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New Study Reinforces Powerful Benefits of Wild Blueberries on Cardiovascular and Brain Function

Daily Dose Helps Improve Memory, Executive Function, and Blood Pressure in Healthy Older Adults

ORONO, ME, USA – March 30, 2023 New research published in the American Journal of Clinical Nutrition further supports that daily consumption of wild blueberries improves episodic memory, executive function, and blood pressure in healthy adults. The 12-week clinical trial called BluFlow, led by Dr. Ana Rodriguez-Mateos, Associate Professor in Nutrition at the Department of Nutritional Sciences of King’s College London, and Professor Claire Williams, Chair of Neuroscience in the School of Psychology & Clinical Language Sciences at the University of Reading, investigated the cognitive and vascular benefits of daily wild blueberry consumption in healthy older individuals. 


BluFlow Study Design & Results

The BluFlow, double blind, randomized, placebo-controlled trial focused on healthy older men and women, ages 65 to 80. Participants were divided into two groups with one receiving a beverage made with 26 grams of freeze dried whole wild blueberry powder (equivalent to about ¾ cup whole berries, or 178 grams of fresh blueberries) and the other, a placebo matched for macro and micronutrients, as well as fiber, color, and taste. Both groups consumed their beverages daily at the same time over the course of 12 weeks.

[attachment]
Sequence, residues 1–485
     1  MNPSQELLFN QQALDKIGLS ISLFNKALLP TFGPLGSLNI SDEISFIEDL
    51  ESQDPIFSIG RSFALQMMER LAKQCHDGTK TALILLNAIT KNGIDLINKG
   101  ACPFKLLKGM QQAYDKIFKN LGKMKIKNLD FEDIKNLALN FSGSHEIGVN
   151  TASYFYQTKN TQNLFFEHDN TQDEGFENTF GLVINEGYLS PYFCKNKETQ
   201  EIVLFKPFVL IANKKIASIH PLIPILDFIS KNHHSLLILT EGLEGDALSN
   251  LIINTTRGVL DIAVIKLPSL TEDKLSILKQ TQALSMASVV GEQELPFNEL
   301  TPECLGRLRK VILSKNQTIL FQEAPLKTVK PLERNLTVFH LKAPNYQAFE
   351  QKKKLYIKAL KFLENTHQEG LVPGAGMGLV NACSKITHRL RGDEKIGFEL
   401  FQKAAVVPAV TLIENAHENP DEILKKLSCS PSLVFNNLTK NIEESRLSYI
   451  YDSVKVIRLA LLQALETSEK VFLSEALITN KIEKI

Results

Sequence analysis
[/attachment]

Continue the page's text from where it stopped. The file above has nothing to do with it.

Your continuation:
Scientists found that daily wild blueberry supplementation for 12 weeks led to improvements in cognitive and vascular function. Specifically, those who consumed the wild blueberry beverage daily exhibited: 


  • Improved episodic memory (AVLT immediate word recall)
  • Improved accuracy and quicker reaction time on switch task (executive function)
  • Improved peripheral vascular function (flow mediated dilation (FMD) and lower systolic blood pressure)


“In terms of vascular function, our results reinforce what we’ve found before in younger populations—that consuming wild blueberries improves blood vessel function as well as lowers blood pressure. We think the effects are driven by the blue pigments in blueberries, the anthocyanins, and we found increases in their metabolites in the blood and urine of the volunteers consuming wild blueberry. This study also documented increases in some beneficial bacteria in the gut that seem to be driven by wild blueberry consumption, although larger studies are needed to confirm the role of the gut microbiota on the beneficial effects seen here,” explains Dr Rodriguez-Mateos.   


Building on a 20+ Year Body of Brain Health Wild Blueberry Research

The BluFlow study results build on a growing body of evidence that consuming wild blueberries has a positive effect on cognitive performance.